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The decision to say that final goodbye

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The loss of a beloved dog can be every bit as devastating as the death of a human loved one. (Courtesy photo)
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This past week, a friend of mine said a final goodbye to her beloved dog. It is a kindness we give to our pets when pain, illness, injury or old age take their cruel toll. But that final goodbye is also the part of having a pet that tears out your heart.

Everyone who’s ever loved a dog knows the feeling. The house is suddenly too silent. No toenails click on the floor. No tags rattle against the water bowl. You can’t force yourself to move the empty dog bed, yet looking at it makes you cry. You can sometimes forget, but then it hits you — randomly and suddenly, for weeks afterward — that your beloved pet is gone, and your heart breaks again.

The bond between people and their dogs is intense and deep. Dogs are members of our families. The unconditional love, loyalty and attention they give us mirror the unconditional love, loyalty and attention we give them. They are an important part of our lives.

That’s why we agonize over the decision to say that final goodbye. Is there still quality of life? Is it enough? Do the good days still outweigh the bad ones? No one can answer those questions for you. You — and only you — have to decide when the time is right, when both you and your dog are ready. And that makes the decision all the more heart-wrenching.

I think most dog owners have doubts about their decision. Did I wait too long? Or not long enough? Guilt is there, too. We mourn the loss of our faithful companion, as well as the disruption of a daily routine that was centered around taking care of our pet. The loss of a beloved dog can be every bit as devastating as the death of a human loved one.

People who don’t have pets may not understand. “Why are you so upset,” they’ll say. “It was only a dog.” Others unhelpfully suggest, “Just get another dog.” As if you could replace the special relationship you had with your dog the same way you replace a favorite sweater when it is worn out.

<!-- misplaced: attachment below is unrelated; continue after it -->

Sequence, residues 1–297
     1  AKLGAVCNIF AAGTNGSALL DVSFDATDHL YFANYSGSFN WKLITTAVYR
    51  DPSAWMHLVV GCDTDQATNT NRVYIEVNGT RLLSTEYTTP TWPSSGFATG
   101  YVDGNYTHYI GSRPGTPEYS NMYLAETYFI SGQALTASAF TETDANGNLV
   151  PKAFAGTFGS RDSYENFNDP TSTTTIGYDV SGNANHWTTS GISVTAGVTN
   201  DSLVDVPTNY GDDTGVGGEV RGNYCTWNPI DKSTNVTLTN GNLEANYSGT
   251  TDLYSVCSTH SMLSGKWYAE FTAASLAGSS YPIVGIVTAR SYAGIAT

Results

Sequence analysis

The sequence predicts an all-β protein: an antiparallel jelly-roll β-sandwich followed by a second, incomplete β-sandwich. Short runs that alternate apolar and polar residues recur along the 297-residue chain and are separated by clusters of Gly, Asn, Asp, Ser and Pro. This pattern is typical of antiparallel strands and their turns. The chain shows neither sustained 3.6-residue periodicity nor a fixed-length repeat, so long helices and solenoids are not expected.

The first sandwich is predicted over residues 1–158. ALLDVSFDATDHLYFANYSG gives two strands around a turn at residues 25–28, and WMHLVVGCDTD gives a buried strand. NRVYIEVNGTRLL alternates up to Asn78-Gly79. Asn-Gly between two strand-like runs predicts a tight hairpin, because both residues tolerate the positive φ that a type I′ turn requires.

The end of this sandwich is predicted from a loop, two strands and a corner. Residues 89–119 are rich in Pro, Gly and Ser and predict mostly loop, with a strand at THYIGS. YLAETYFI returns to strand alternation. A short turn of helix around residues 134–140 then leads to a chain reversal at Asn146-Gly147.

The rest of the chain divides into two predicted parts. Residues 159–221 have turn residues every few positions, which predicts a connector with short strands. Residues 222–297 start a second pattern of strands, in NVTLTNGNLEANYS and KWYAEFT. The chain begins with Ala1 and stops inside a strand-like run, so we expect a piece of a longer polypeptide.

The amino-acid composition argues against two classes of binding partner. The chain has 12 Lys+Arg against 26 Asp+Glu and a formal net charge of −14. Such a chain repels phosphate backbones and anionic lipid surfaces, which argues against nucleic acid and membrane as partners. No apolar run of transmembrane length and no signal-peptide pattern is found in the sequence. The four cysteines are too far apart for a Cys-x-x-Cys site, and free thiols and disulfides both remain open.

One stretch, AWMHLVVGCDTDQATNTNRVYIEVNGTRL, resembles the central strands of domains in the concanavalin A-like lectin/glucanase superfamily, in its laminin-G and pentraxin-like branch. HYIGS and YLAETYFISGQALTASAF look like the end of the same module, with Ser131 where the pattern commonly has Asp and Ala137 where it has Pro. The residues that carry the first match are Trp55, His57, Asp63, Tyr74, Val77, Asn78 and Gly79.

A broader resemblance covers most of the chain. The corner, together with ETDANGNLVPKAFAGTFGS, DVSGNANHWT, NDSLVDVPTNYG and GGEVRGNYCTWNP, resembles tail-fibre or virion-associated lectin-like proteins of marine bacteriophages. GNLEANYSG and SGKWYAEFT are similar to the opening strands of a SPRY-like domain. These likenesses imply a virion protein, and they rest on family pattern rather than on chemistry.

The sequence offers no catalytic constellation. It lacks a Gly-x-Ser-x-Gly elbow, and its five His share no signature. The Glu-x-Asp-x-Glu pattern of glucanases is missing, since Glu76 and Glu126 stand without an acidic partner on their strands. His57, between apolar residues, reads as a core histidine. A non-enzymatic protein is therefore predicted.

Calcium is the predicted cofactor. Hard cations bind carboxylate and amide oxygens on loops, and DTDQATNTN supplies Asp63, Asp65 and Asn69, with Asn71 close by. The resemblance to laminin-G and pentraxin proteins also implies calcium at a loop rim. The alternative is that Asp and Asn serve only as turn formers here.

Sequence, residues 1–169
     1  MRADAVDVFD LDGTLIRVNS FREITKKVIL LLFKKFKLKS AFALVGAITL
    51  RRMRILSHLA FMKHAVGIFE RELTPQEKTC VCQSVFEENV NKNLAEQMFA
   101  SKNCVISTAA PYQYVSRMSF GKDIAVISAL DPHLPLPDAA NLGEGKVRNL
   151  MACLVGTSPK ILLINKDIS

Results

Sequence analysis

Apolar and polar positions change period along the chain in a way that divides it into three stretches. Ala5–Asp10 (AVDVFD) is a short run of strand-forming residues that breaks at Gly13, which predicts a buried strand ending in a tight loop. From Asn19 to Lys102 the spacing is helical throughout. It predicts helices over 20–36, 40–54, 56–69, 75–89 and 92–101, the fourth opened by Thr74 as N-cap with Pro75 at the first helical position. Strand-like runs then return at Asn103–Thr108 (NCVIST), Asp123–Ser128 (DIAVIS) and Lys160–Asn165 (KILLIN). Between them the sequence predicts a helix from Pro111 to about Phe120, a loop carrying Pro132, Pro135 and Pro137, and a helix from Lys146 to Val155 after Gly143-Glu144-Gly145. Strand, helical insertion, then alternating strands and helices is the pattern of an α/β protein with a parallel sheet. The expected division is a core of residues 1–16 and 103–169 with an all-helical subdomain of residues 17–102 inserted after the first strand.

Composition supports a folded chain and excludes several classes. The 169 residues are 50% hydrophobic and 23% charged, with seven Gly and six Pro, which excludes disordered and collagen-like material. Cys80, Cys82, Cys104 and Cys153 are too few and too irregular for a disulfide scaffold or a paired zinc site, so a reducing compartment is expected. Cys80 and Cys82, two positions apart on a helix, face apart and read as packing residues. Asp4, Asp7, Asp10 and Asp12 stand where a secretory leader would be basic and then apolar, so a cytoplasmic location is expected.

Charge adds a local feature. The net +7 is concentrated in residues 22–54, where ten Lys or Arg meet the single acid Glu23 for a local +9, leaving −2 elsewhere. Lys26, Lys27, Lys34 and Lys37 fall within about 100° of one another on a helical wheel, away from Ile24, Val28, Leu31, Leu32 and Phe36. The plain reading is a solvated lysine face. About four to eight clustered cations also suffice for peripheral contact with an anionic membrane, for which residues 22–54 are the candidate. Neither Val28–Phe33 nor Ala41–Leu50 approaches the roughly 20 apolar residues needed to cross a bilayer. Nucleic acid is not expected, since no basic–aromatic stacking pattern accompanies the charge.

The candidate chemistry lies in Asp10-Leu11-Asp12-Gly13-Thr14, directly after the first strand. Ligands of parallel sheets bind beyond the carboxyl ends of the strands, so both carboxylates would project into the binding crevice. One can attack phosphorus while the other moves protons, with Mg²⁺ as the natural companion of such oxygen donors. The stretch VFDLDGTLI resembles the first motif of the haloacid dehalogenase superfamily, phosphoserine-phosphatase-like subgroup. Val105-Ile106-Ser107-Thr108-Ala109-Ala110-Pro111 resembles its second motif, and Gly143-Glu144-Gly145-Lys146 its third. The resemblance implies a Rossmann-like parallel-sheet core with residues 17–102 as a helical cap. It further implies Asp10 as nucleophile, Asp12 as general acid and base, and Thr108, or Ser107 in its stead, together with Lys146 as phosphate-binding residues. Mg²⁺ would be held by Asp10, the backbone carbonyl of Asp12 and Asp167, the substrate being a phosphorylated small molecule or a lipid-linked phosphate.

In 1982, the San Francisco SPCA became the first humane society to offer a grief counseling service for those dealing with the loss of a pet. It does help to talk about how you’re feeling with others who are going through similar emotions. Somehow, just knowing you’re not the only person who feels so devastated can help you cope. Now many humane societies and veterinary hospitals offer support groups or hotlines you can call to help you work through your grief.

Or just find a friend who understands how important your pet was to you and talk with them about what you’re feeling.

When I talked with my friend in recent weeks about her dog and her upcoming decision, I struggled to find the magic words that would help ease her mind. All I really could think to say was, “I know. I’ve been there.” Anyone who’s ever loved a dog knows.

When my dog died several years ago, another friend sent me a candle in a tall glass container. She had glued a photo of my dog to the outside of the candle and added angel wings and a halo. That candle sits on a bookcase in my living room. I find comfort in the ritual of saying a prayer as I light the candle when I hear of the death of someone I know or their pet.

Last week, I lit the candle in honor of my friend’s dog. It seemed to burn especially bright, perhaps a testament to the deep connection between her and her dog, and in recognition of that last, heartbreaking act of love between them, their final goodbye.

Sally Stephens is an animal, park and neighborhood activist who lives in the West of Twin Peaks area.

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